I last discussed different definitions of the core and about training the core for different purposes – mainly sports specific training.
However, if you are not an athlete and just wants to get in better shape, you may want to know what core exercises will give you the most effective training in a cost-effective training time each session, then it would be valuable to know what specific exercises will achieve this goal.
Most of the previous scientific studies on the core had limited their exploration to comparing different core isolation exercises.
However, a study published in the 2013 issue of Journal of Strength and Conditioning Research investigated whether integration – core exercises that require activation of the muscles away from the center of the body – or the isolated trunk muscles caused greater activation of primary trunk muscles (abdominal and back muscle groups).
Monitoring of muscle activity was made by surface EMG electrodes monitoring electrical activity.
In the study, a group of men and women performed a randomized set of exercises composed of either core isolation, or compound exercise involving both the core muscles and either shoulder or hip.
The exercises were selected to be paired in a way that complemented the area of the body used.
For example, the traditional crunch sit-up was paired with a hover, or a plank position with variation of the support of arm or leg support under the subject.
An oblique crunch, or crossover sit-up was paired with a side hover, side-plank with arm extended and a back extension isolation exercise was compared with a horse stance, sometimes called bird-dog, with resisted arm and leg movements.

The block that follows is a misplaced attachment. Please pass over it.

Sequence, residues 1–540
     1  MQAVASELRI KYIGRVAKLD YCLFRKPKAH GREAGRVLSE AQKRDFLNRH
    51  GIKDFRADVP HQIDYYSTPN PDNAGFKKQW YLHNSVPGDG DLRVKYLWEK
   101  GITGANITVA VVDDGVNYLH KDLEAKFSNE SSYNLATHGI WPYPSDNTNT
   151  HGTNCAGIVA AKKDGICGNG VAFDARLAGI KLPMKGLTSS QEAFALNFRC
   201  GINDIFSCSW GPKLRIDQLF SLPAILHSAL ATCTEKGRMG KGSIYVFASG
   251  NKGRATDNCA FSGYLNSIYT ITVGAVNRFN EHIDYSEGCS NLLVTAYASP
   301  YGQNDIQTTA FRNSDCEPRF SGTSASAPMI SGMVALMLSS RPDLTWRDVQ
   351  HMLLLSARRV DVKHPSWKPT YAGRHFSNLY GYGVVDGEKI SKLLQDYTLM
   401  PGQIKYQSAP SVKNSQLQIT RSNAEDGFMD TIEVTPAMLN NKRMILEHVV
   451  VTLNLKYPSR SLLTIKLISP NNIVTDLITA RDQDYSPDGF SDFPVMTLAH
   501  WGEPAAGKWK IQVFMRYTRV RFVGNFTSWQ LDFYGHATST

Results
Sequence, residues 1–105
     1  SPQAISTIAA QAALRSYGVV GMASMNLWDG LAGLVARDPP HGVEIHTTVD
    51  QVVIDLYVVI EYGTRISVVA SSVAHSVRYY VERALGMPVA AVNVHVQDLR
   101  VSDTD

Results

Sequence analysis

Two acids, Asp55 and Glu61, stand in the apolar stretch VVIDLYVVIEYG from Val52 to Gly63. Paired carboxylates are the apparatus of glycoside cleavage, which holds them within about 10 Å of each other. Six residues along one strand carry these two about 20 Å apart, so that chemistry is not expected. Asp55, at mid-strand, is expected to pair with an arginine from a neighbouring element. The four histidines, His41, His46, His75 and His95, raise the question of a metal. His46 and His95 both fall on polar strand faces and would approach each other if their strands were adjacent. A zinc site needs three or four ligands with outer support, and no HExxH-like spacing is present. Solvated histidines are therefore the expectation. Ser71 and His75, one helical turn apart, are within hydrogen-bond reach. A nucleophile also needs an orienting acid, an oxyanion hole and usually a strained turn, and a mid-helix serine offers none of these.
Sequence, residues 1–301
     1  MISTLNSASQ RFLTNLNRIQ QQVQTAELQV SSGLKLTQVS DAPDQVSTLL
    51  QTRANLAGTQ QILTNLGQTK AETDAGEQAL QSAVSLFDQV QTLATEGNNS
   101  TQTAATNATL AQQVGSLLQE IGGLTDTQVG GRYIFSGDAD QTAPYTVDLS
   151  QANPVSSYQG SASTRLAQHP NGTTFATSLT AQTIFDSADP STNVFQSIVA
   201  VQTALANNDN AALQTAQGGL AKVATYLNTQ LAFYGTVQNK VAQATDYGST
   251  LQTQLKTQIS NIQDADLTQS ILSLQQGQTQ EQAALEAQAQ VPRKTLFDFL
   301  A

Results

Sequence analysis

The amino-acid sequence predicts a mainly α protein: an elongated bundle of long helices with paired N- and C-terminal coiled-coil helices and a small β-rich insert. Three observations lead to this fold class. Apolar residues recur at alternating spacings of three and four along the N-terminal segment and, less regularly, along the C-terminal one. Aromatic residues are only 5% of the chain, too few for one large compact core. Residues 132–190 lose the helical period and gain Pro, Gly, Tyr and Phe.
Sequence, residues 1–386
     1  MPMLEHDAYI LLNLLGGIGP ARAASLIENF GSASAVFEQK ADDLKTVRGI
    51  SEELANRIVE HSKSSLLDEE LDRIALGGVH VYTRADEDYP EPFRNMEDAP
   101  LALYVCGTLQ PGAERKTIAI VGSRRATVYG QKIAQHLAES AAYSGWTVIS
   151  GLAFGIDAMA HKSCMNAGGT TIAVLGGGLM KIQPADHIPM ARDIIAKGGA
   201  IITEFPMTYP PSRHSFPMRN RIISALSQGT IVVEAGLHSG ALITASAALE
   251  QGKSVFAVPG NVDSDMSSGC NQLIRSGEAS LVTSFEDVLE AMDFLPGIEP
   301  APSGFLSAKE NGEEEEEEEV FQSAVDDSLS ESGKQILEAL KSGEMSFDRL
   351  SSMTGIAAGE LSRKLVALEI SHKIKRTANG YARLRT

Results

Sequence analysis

Researchers stated that their assumption before the study took place was that core muscles would be activated more strongly in the isolation exercises, partly due to the fact that support of the shoulder and hip muscles would take some of the load away from the core area.
However, the results showed that in every case that the compound exercises involving shoulder and hip muscles generated more muscle activity in the involved core muscles.
Another remarkable finding was that, contrary to popular belief, the rectus abdominus muscle was more active than the oblique group even in the two oblique exercises (cross-over crunch and side hover).
Many trainers teach that the main muscles used in these exercises are the oblique abdominal group.
Using the above information would allow the general fitness enthusiast to make more productive use of their time in the gym when training the core.
It would be a good idea to incorporate two or three of the cited compound exercises.
There are, of course, many other exercises, such as squats, bridges and push-ups that make use of the compound core and hip-shoulder combinations that would be useful, as well.
One final word about why we train the core: despite years of knowledge that strengthening the muscles around the trunk does nothing to slim and trim your waist down, there still seems to be a fascination and compulsion with training the core area hard.
I think that even some people who know spot-reducing does not work are still subconsciously drawn to the idea and sometimes become preoccupied with it.
Training the core is important for many reasons, but it should be done within a rational, well-rounded, goal-oriented exercise plan, whether it be sports-specific or general fitness.